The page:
formulate, initiate, coordinate or finance programmes, could at any time test
the number, and perhaps the type, of bodies with a particular interest. Initial
proposals and invitations could then be circulated automatically via a computer
addressing system without the need to reveal the identity of recipients.
The initiator would then receive replies from those interested in his proposals,
permitting him to prepare a preliminary meeting to launch the project.
Any programme coordinator for general and particularly United Nations programmes
could automatically monitor the current and proposed projects in any specialized
area and thus ensure that the specialized project coordinators received all
appropriate information on the general or related specialized programmes withwhich
they could align their activities or from which they could obtain support.
Visual display units would enable all concerned to obtain a general or detailed
picture of the pattern of change and inter- action between programmes would
automatically signal areas of imbalance (including unchecked control).
16. Organizations forming
ad hoc preassure groups or responding to crises
Such organizations, once the issue or crisis has been detected, will be able
within hours to set up a communication network linking all bodies with a similar
stance or concern for the problem. In a second stage, they will be able to
send out information from regional and local centres to mobilize expert or
Distribution of such information will be automated to the point where as
individuals or bodies hear of the crisis and register their concern in a data
bank, the pressure group's bulletin will be mailed automatically and the address
incorporated in a tem- porary mailing list. (It is already technically quite
feasible for individuals or bodies which register their concern in this way
at some terminal, to have the latest bulletin or instructions for direct action
printed out immediately in the same manner as does a telex machine.) At the
same time, it will be possible for the pressure group to have displayed, in
an unambiguous form, the organizational complex which opposes their point
of view or prevents effective action from being taken.
The organizers can therefore design their plan of campaign with detailed
knowledge of the opposition's organizational complex and the decision-centers,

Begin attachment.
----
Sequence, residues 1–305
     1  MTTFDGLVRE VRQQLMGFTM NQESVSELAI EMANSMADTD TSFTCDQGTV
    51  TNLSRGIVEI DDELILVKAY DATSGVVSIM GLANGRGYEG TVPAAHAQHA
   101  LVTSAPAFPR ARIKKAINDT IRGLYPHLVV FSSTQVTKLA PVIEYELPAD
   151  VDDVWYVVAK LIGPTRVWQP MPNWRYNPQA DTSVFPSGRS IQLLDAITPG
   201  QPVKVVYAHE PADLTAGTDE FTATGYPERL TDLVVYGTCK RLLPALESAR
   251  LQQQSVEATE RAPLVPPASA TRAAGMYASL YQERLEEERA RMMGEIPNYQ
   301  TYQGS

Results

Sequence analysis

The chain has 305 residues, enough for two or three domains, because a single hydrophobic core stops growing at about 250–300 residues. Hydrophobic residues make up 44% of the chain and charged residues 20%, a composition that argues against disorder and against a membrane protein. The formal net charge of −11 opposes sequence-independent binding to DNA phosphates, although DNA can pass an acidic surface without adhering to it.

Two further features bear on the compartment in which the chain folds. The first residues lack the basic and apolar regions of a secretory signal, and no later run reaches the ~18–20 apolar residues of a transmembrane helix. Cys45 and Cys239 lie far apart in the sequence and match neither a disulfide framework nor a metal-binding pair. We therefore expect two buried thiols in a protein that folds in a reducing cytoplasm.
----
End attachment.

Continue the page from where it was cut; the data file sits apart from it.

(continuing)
points of influence and areas of support within it. Great pressure can be
immediately applied with precision, by direct and indirect means, on the individual
or body holding up or responsible for the next decision in the evolution of
This illustrates the manner in which pressure group action will be considerably
speeded up on certain issues where at present months and years are spent in
contacting individuals and groups to organize an effective campaign. Because
the decision-centres are clearly highlighted, campaign time and resources
can be marshalled with great effectiveness and directed to give an optimum
Needless to say these techniques will be used for both 'good' and 'ill',
but the resources of each side on any issue should be much clearer. Display
techniques should facilitate clear public under- standing of the strengths
of each side and therefore be a strong stimulus to support of one side or
the other, particularly since registered support will be seen to have a registered
effect. In addition, long-term subtle pressure group action should be greatly
facilitated and it is perhaps here that only computer techniques will permit
the detection of the effects and directions of such campaigns to permit counterbalancing
actions, if necessary.
17. The individual faced witha highly complex changing organizational
The current difficulty for the individual of penetrating and understanding
the significance to society and the relevance tohimself of the maze of interlinking
organizations and departments which constitute the world system, will be resolved.
Tech- niques are currently available which would permit the organizational
network to be displayed under computer control. A computer visual display
terminal has considerable advantages as a technique for the communication
of new concepts. As the world system increases in complexity, this may prove
to be the best means of simplifying and making realistic education concerning
it and the many roles and avenues of participation open to the individual,
the citizen and his groups.
The computer can orient its display of the organization network in terms
of those bodies familiar or of interest to each indivi- dual and allow him
to 'explore' neighbouring organizations less familiar to him. He can then
be led to an understanding of how his known organizations and problems are
'nested' within an organizational and problem area environment. He can build
up a meaningful 'feel' for those originally conceptually distant from his
Displays of this type can permit the student to simulate the result on the
organizational network of 'wiping out' a single organization or class of organizations
which he has been led to believe are of limited value, or he can observe the
effects of modifying the network to fit his preconceptions. Of greatest importance,
he can work out and locate which organizations or groups offer an avenue of
fulfillment for him, or alternatively precisely in what way he must initiate
some new activity to achieve such a measure of satisfaction.
The high information content and summarizing power of such displays should
make them particularly useful features of television news programmes as a
means of illustrating the meaning of proposed changes to the organizational
18. Safeguards and privacy